crafts · knitting

On my needles: July

Well, if July is the month of sewing skirts, then it must also be the month of starting entirely too many knitting projects!  I had to frog the cardigan I had started (Nespelem) because I wasn’t getting gauge and it would have been tiny.  I will need to buy yarn for that, but I’m on a spending ban for July.  As I said before, I broke my camera, and I need a new one!  My birthday is in July, so that’s what I’m buying myself – a Canon rebel.  Right now I’m using my old camera, which has a broken viewscreen.  In spite of that issue, I will say that it takes better photos than the camera that just broke!

In the past few days I’ve managed to start three different projects, based on your feedback on my project ideas, and here they are:

I opted not to use the recommended yarn because I found this one.  I love the sparkles (there are both blue and copper colored strands,) and it’s much lighter weight than the recommended yarn (while still getting the same gauge in my swatch.)

Edda is from the Kim Hargreaves book Whisper.  I’m using the recommended yarn, Rowan all-seasons cotton.  I love this yarn, in spite of declaring my hatred of heavy cottons yesterday – the acrylic content gives it a little bounce and great stitch definition.  I am using size 6 needles, one size down from the recommended 7s (I can’t find any size 7 needles – and I can’t order them this month!)  I’m making a size up to compensate.  The color is accurate in the yarn photo – it’s a warm honeysuckle pink, very pretty!

Finally, I’m making this shawl.  The pattern is by Carol Sunday, and I’m using her yarn line, Eden 3-ply (I purchased a kit.)  I’m very excited about this project – I loved this shawl as soon as I saw it, and I love that there are multiple patterns to copy the look!  The ruffles are knit at the same time as the body, using short rows.  I prefer this to picking up and knitting later, or seaming the ruffle on.  The color is dark blue – a bit darker than in the photo.  I think this will be a very versatile shawl.  I chose a neutral color, hoping to get lots of wear (since it will take ages to knit – that’s a lot of shawl in sport weight yarn!)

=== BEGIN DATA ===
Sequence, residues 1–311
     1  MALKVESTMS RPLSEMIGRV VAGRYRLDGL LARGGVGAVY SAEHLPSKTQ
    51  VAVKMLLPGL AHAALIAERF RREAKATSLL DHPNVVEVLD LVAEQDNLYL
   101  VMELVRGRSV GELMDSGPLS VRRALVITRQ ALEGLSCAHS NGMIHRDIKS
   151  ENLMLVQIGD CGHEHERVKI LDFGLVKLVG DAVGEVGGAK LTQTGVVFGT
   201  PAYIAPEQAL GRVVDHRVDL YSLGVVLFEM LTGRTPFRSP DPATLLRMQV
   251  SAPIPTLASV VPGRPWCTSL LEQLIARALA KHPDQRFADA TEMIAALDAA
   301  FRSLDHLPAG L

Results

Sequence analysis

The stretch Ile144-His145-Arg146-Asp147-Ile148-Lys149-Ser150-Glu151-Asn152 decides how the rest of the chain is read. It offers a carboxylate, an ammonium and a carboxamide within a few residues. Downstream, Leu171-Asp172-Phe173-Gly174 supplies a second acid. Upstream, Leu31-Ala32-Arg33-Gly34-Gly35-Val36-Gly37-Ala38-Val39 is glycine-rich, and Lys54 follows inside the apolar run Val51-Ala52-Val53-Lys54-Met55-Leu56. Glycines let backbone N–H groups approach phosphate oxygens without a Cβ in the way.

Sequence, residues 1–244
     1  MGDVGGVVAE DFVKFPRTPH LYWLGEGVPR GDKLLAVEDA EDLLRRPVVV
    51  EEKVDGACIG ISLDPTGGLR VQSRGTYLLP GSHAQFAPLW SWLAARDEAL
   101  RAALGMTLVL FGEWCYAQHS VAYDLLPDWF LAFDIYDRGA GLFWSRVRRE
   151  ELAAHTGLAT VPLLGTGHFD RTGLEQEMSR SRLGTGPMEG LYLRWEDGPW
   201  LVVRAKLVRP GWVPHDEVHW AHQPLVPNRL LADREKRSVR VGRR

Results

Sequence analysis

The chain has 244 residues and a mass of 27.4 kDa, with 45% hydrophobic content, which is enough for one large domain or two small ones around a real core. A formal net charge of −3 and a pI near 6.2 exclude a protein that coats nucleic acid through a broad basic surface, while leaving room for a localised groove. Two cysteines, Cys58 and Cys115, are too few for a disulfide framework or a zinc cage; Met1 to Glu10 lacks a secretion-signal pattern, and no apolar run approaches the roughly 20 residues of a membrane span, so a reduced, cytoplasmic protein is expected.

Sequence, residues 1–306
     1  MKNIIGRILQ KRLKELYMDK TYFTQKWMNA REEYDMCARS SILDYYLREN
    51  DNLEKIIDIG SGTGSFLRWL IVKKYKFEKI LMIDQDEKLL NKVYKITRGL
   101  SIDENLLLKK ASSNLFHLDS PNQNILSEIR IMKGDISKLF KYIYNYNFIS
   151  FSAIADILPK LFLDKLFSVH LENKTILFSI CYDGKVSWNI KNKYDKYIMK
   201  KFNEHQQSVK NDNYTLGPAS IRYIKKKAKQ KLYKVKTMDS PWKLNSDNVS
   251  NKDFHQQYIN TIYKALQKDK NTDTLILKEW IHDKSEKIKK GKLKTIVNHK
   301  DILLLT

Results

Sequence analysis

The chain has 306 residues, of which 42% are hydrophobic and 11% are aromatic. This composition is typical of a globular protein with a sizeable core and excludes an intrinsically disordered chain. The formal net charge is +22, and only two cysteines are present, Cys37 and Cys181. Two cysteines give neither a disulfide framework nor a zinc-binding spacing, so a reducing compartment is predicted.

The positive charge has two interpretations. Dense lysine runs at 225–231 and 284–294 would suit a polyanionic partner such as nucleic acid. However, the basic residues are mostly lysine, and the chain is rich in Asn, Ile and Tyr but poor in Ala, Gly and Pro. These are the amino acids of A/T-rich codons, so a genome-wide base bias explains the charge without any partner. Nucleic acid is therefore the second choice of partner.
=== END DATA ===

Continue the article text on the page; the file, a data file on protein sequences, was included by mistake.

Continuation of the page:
So there you go… my knitting report for the upcoming month.  We’ve just bought a Roku for our TV and canceled cable, so I expect I will be watching a lot of Netflix streaming while working on these (I love the streaming service!  I can never bring myself to schedule tv time, and I don’t have a tivo, so I like being able to watch things whenever I want.)

Coming tomorrow (hopefully): a completed beignet!  My lovely husband actually bought buttons for the skirt, at my request, while he was out, as I knew I wouldn’t have time to go while Joann’s was open before at least Thursday!  He bought two sets, and told me he would return the ones I didn’t like… yes, this makes him a keeper.

crafts · Sewing

On my sewing table: basics

I have seen a lot of bloggers lately reflecting on the idea of sewing basics vs sewing special pieces.  It’s probably obvious from reading my blog that I don’t sew many basics.  I don’t sew shorts, t-shirts or undergarments, and I don’t knit plain black sweaters.  I can buy all these things easily, and I want to use my sewing time making this I can’t buy for myself.  I sew a lot of dresses, which are their own outfits, so I probably don’t really need that many basics anyway!

But lately?  I’ve noticed one thing I lack in my wardrobe: skirts!   Sure, I can thrift skirts easily, but they are never the ones I want.  I like a skirt to sit on or above my waist, as I don’t think a low-rise suits my shape.  I own a full, thrifted (and refashioned) chambray skirt which I love, but other than that I have no skirts in solid colors to match the tops in my wardrobe.  As a result, those tops never get worn, which is a shame!  So I am declaring July to be the month of the skirt!  (I know I stole this idea from another blogger – can anyone tell me who so I can give them credit?)

I’m starting out simple:

I know I said I was making a chambray Beignet, but I thought again… all the pencil skirts I wear have one thing in common, they are all made of stretch wovens.  So I’m making a plain black beignet in a lovely black RPL woven.  I am leaving out the lining, pockets, and belt in order to simplify things.  Right now I’m looking for buttons – when I find the perfect set I can get the side seams fitted and finished!  My other beignet is not comfortable, and it never really was… I’m hoping my stretch fabric idea works out!